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Author Topic: Float in non-float-processor  (Read 924 times)

x2nie

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Float in non-float-processor
« on: April 26, 2017, 04:26:34 pm »
Hi all,


I don't know how to start telling my problem, so here is the background of problem:


I finished translating SourceAFIS[1] from C# .NET ver3.5 to be .NET 2.0 (from desktop to Windows Mobile)
but the performance is very bad. ==> comparing 20 fingerprint in about 1 minutes.
After telling the author, his said that my used hardware (Motorolla MC75) doesn't support the floating point natively.
Meaning: my several months work was useless.
But we still can't just leave that hardware, because that hardware comply the requirement of explosion proof. Well, I am not sure about the marketing division deal, I am just a programmer :p


So, my plan is to translate SourceAFIS to Lazarus/FreePascal *.dll, and calling them from C#
But, before starting that big job, can anyone tell me how to deal with float (double) calculation with processor that doesn't support floating-point natively?


My personal stupid approach is to get rid from float completely, and use only integer/longinteger in any calculation needed.
But, again, before that big job, is there alternative / easier way to do with FreePascal / Lazarus ?


Thanks in advance. :)




[1] https://sourceforge.net/projects/sourceafis/
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Leledumbo

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Re: Float in non-float-processor
« Reply #1 on: April 26, 2017, 05:36:59 pm »
My personal stupid approach is to get rid from float completely, and use only integer/longinteger in any calculation needed.
That doesn't sound stupid, as opposed to write a floating point emulation code, which in the end will still be slow. I think what the .NET runtime does is exactly just that when it detects a processor without floating point support.

Nitorami

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Re: Float in non-float-processor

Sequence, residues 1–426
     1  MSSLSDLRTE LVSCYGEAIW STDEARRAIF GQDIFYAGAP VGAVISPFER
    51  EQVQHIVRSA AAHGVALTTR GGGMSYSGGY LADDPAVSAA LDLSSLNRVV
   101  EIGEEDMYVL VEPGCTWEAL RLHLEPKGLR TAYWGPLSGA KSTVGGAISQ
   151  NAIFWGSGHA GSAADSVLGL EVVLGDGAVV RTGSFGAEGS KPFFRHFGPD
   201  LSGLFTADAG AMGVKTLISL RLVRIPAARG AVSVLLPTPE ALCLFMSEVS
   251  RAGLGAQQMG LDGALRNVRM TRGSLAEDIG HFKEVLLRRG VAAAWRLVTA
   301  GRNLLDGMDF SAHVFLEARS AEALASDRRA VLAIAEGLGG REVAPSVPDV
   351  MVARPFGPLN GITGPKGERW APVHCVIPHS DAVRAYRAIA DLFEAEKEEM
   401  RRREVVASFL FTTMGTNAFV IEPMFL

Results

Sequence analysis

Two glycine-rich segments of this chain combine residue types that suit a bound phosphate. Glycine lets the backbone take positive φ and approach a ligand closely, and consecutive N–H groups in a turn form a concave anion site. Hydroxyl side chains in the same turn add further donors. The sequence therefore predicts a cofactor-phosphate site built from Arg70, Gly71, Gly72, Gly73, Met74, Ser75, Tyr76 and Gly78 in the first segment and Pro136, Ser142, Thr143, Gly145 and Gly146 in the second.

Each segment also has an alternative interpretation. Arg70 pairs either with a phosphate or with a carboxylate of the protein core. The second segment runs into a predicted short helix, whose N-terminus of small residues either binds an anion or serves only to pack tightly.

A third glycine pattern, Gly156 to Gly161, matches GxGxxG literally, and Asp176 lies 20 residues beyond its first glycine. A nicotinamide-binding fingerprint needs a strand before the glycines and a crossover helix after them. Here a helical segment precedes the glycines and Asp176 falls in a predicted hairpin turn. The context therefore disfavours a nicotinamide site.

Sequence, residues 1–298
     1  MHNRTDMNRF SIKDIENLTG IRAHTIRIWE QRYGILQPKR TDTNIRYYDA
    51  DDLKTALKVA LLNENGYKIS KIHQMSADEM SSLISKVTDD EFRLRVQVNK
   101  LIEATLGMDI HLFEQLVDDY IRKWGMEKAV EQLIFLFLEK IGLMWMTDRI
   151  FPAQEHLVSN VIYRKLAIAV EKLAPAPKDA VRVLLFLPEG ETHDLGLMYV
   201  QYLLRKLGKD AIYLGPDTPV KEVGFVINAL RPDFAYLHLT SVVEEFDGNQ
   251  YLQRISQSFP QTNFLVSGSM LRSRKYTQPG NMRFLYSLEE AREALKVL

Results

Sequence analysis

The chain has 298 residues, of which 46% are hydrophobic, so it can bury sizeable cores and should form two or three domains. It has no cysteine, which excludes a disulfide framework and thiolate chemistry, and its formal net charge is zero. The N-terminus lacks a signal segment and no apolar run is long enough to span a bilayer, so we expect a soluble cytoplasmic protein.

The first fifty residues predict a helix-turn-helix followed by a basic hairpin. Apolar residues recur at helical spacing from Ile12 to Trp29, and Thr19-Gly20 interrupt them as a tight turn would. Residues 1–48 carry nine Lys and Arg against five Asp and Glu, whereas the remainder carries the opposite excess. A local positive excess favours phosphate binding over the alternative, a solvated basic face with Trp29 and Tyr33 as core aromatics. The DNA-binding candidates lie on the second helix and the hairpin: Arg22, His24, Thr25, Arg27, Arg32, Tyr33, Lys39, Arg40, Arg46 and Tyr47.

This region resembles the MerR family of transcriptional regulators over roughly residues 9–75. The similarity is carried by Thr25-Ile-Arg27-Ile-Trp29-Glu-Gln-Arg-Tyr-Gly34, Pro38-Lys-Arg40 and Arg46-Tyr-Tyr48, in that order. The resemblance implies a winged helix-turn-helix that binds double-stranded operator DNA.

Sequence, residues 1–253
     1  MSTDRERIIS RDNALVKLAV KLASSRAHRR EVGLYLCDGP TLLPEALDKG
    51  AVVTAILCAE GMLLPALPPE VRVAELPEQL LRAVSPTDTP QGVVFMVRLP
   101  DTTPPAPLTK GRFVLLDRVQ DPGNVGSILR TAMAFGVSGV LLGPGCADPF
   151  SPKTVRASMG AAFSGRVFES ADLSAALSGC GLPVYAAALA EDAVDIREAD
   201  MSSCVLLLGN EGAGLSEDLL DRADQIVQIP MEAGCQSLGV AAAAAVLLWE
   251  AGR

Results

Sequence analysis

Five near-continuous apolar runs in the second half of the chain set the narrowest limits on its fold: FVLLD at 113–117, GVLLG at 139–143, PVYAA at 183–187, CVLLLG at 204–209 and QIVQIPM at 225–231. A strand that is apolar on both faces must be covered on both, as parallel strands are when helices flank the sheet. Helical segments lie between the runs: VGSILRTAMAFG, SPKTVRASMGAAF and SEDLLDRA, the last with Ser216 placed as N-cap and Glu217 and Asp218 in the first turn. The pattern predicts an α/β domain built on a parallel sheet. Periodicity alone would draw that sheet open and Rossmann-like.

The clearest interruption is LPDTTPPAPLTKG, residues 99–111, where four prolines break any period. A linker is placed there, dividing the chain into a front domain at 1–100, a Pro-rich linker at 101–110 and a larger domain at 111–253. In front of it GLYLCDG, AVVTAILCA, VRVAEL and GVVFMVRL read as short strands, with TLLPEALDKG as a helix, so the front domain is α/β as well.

« Reply #2 on: April 26, 2017, 05:58:38 pm »
I would agree that changing to integer arithmetic will probably be the most reasonable option. Apart from that, I am not sure whether FPC would support float on processors without coprocessor. The documentation (prog.pdf) says that

- the compiler has an emulator under DOS (go32v2) which requires the emu87 unit;
- under Linux amd most Unixes the kernel takes care of coprocessor support
- for the Motorola 680x0, internal runtime routines are called to do the calculations. 

Thaddy

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Re: Float in non-float-processor
« Reply #3 on: April 26, 2017, 06:17:16 pm »
- FPC has soft float since day one.
- What you need is fixed point math <<<--- BASICS on slow platforms.
- You should have known the above before you started.
"Logically, no number of positive outcomes at the level of experimental testing can confirm a scientific theory, but a single counterexample is logically decisive."

avra

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Re: Float in non-float-processor
« Reply #4 on: April 26, 2017, 06:45:28 pm »
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x2nie

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Re: Float in non-float-processor
« Reply #5 on: April 26, 2017, 08:28:58 pm »
My personal stupid approach is to get rid from float completely, and use only integer/longinteger in any calculation needed.
That doesn't sound stupid, as opposed to write a floating point emulation code, which in the end will still be slow. I think what the .NET runtime does is exactly just that when it detects a processor without floating point support.